Published: February 2010
Editorial: Reflecting on our learning
The theme of this issue of BeJLT is reflecting on our learning for staff and for students. Two interesting perspective pieces from Hilary Rollins and Jude Carroll reflect on their experiences working at universities overseas and how this has widened their perspectives and given them fresh insights into their own learning and teaching by ‘living that [different] reality’. These pieces are complemented by Hanneke Teeken’s paper on the complexities of operating in a different language. The language she writes about is English and she uses examples from her own experience to illustrate how complex, and unrealised, the subtleties of language are that so many of our students and staff have to deal with.
The Haigh and Clifford paper steps back and looks at student learning holistically. This paper enters the Graduate Attribute debate and when the ideas were first presented at the Brookes Student Learning Experience Conference 2009 the value-laden nature of these ideas was hotly contested.
Jill Millar et al’s paper shifts to student’s learning from engaging with feedback and presents three case studies where facilitative dialogue and positive classroom dynamics are the focus of student engagement with feedback on assessment.
Christina Meredith writes about introducing PebblePad, an e-portfolio system, to engage students in reflection on their learning and Personal Development Planning, and raises issues of students’ familiarity with reflective writing and the level of English language required for this activity.
These articles illustrate how multi-layered our learning is and how necessary it is for universities to support the continuing development of their staff in multiple areas – whether it be in internationalisation, e-learning, engaging students with feedback or other areas. Staff, like students, never stop learning and developing.
Chair, BeJLT Editorial Committee
There is more to life than simply doing a job. The graduates of our higher education system will be more than employees/employers, they will also be future leaders in our world and our neighbours and so affect our lives at all levels. What do we want these people to be like? This paper considers the idea of educating global citizens and offers suggestions for possible graduate attributes, such as being responsible, capable, compassionate, self-aware, ecoliterate, cosmopolitan and employed. It also asks if graduate attributes referring to ‘good citizens’ and ‘ethics’ are all culturally bound and thereby impositional.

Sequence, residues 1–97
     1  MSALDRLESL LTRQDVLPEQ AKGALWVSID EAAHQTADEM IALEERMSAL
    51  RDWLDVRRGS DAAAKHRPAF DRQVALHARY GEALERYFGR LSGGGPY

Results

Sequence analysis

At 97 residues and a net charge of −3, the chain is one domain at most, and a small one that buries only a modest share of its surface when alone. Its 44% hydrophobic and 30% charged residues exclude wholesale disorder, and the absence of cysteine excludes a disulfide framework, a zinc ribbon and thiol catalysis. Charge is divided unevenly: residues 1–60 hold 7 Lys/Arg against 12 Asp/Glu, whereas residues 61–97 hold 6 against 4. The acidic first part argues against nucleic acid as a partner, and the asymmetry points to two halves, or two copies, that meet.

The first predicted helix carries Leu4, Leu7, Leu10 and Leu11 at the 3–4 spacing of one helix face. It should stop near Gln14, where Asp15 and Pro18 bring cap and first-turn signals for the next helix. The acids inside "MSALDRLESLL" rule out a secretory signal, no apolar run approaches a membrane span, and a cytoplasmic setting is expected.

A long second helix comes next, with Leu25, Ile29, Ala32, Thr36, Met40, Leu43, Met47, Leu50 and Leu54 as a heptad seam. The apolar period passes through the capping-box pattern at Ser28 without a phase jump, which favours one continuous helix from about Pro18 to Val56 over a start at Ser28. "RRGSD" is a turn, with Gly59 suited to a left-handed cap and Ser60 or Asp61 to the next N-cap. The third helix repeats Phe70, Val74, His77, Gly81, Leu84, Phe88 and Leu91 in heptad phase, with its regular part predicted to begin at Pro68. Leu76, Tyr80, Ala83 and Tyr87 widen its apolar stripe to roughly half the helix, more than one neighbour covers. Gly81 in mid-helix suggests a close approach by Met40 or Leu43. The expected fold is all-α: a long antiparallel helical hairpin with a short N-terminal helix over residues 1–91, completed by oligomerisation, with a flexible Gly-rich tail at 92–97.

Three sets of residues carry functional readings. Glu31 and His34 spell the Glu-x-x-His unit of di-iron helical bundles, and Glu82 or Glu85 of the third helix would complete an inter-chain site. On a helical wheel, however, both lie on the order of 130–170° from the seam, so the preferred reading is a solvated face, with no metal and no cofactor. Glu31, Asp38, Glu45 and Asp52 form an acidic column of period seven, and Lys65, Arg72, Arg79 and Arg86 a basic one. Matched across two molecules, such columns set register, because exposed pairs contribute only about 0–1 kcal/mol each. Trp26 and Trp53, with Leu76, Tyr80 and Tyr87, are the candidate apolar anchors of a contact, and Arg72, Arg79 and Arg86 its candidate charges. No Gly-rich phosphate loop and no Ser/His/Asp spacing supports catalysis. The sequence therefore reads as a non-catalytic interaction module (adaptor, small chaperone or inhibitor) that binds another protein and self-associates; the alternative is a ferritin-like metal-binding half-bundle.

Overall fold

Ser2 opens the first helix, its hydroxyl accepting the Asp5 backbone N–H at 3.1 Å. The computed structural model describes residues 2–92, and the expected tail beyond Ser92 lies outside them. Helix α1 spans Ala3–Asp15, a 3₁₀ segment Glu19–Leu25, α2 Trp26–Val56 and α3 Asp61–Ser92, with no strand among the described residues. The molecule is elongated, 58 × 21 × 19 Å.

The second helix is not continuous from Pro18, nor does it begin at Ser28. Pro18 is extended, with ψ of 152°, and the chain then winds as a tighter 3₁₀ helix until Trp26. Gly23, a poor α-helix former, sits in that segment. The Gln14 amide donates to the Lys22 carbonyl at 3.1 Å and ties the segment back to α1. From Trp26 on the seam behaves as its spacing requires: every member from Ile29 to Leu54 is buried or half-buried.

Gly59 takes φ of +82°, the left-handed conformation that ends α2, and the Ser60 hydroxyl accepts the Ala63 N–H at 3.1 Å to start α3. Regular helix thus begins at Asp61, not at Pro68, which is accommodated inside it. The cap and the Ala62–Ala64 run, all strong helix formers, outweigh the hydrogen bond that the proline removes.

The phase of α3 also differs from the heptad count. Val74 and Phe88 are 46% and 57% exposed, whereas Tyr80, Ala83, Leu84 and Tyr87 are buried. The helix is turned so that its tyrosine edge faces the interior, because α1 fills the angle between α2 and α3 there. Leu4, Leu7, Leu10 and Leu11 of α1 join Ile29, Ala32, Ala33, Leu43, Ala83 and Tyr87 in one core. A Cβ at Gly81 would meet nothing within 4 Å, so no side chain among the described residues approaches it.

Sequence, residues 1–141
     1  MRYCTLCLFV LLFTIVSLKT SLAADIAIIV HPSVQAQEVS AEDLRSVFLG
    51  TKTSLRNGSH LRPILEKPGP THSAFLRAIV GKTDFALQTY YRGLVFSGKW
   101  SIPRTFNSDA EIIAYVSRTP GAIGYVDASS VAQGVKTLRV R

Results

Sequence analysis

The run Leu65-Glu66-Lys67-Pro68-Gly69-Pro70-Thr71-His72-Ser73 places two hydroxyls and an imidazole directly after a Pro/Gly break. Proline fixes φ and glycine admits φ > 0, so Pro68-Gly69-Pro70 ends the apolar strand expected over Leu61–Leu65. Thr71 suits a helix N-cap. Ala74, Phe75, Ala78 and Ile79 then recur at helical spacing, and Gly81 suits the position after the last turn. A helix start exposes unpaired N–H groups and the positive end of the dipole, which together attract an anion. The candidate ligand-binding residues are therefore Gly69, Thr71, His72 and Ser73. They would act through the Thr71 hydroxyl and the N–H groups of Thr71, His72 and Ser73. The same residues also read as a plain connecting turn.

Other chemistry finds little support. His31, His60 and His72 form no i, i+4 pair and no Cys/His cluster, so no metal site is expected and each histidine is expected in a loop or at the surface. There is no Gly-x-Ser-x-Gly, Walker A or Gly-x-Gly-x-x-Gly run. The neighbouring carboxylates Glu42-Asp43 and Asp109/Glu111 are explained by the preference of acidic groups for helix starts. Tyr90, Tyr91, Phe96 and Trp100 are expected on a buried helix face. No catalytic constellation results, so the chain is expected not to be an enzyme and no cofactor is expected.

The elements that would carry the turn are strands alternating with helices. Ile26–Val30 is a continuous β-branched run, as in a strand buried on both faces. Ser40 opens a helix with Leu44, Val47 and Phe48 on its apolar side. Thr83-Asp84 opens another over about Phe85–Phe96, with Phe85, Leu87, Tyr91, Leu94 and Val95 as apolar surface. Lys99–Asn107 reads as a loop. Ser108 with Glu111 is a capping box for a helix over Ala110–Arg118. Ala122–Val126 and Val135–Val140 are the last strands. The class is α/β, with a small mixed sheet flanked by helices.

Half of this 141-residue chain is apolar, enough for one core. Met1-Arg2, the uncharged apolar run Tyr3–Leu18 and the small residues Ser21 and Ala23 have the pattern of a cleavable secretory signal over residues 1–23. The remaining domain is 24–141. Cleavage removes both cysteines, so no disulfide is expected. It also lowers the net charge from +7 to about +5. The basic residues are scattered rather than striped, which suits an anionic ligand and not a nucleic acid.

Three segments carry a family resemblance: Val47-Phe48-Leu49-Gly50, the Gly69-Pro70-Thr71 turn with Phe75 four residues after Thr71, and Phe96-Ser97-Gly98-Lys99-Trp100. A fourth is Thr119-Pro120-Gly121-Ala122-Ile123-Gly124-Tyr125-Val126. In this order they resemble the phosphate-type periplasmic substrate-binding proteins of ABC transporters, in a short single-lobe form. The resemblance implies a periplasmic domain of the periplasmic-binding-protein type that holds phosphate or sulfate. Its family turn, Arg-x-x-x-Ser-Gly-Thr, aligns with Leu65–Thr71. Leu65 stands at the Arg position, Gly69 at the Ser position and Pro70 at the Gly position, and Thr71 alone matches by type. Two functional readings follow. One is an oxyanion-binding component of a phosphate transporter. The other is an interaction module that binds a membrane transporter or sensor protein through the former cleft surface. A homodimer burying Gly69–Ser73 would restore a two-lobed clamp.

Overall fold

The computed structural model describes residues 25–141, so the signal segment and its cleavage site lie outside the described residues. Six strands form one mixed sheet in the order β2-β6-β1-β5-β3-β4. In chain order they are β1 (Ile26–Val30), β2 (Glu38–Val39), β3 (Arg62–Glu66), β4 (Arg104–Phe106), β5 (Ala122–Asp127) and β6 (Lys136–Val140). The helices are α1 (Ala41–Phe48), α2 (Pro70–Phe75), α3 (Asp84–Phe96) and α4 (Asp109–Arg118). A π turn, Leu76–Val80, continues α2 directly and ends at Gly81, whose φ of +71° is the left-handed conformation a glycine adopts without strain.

The aim of this paper is to discuss a pilot study designed to enhance international postgraduate students’ reflective skills in their Personal Development Planning (PDP) as part of their master’s course. A cohort of students in a special module used an e-portfolio, PebblePad, to create an action plan and a webfolio as reflective assessments that recorded their learning achievements and career aspirations. The paper discusses some of the issues related to teaching PDP to international students, the author’s initial perceptions on the benefits of using PebblePad and examples from the anonymous feedback from students collected at the end of the module.
Assessment feedback is increasingly seen as an important learning tool, but one with which students tend not to engage. This paper reflects on the experience of running three micro-projects at a post-1992 University which successfully supported student feedback engagement and learning. Central to our approach was the understanding that dialogue and good in-class relationships address many of the factors that adversely affect student engagement. Three feedback methods which facilitate dialogue and positive classroom dynamics are described, along with student responses to the methods discussed. The paper concludes by suggesting that, while the feedback methods described succeed in supporting student engagement, the extent to which that engagement is sustained needs to be investigated further.
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